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Not to get off topic, but it is relevant. Under 28 U.S. Code section 2401 (a), seems to toll statue of limitations after six years to commence a civil action sounding in tort against the United States, where a plaintiff can prove a legal disability or is beyond the seas.  

 

My question is (1) what type of legal disability must be proven to be eligible for this clause (2) what does \beyond the seas' legally mean: Does it cover people not in U.S, which would preclude jurisdiction on that action.  Can some one give me a scenario on these two clauses in section 24914 of title 28.         

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"All tort claims must be commenced within two years. Pittman v. United States, 341 F.2d 739 (9th Cir. 1965); Simon v. United States, 244 F.2d 703 (5th Cir. 1957); United States v. Glenn, 231 F.2d 884 (9th Cir.), cert. denied, 352 U.S. 926, 77 S.Ct. 223, 1 L.Ed.2d 161 (1956)."  Hoch v. Carter (SDNY 1965) 242 F. Supp. 863.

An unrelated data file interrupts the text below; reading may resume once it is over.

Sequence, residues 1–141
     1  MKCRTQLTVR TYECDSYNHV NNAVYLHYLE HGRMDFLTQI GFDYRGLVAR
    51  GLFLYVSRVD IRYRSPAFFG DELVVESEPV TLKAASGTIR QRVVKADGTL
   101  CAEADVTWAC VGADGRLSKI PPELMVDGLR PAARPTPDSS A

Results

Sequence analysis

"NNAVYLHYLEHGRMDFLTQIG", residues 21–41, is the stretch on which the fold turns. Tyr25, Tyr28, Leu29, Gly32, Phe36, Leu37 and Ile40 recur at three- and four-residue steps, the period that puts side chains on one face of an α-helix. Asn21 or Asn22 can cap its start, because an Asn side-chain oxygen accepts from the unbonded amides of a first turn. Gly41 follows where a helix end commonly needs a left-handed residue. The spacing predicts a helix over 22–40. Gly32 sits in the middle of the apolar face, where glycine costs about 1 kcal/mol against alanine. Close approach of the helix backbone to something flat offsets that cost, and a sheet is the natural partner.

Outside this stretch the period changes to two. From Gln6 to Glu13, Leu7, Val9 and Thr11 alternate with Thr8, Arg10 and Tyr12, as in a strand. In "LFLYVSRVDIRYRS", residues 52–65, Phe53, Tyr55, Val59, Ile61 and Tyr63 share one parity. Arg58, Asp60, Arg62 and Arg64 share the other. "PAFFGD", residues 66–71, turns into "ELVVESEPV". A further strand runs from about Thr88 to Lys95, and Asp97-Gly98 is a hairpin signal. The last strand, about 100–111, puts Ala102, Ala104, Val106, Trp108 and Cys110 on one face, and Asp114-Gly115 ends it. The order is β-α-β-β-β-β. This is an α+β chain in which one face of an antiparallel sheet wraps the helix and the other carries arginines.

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On 2/16/2018 at 0:39 PM, foolish said:

I have question that I need answering, who do I send the required letter seeking monetary damages from a federal agency a breach of duty, constitutional violations? . . occurring all by the agencies and its employees?  Before taking it to Court

 

It depends on exactly what claim you wish to bring. For a tort claim under the Federal Tort Claims Act (FTCA), you must submit a written claim to the agency official designated by the agency for such claims. Generally you would use Standard Form 95 to submit that claim, though the use of the Form is not required. The form is useful as it guides you to the information you need to supplly in your claim. You must submit the administrative claim within two years from the date the cause of action accrues. Failure to submit the claim timely may bar your claim. After you have pursued your administrative claim, including exhausting any internal agency appeals, you have six months from the date the claim was rejected to file a lawsuit against the United States in U.S. district court. If you fail to file timely your claim will be barred. 

 

A different procedure is followed for contract claims, but you have not given any indication you wish to bring a contract claim so I'll not get into details on that here. Note that the type of claim is very important because most contract claims against the federal government must be heard in the U.S. Court of Federal Claims. That court does not hear tort claims. Contract claims are generally subject to a six year statute of limitation (SOL).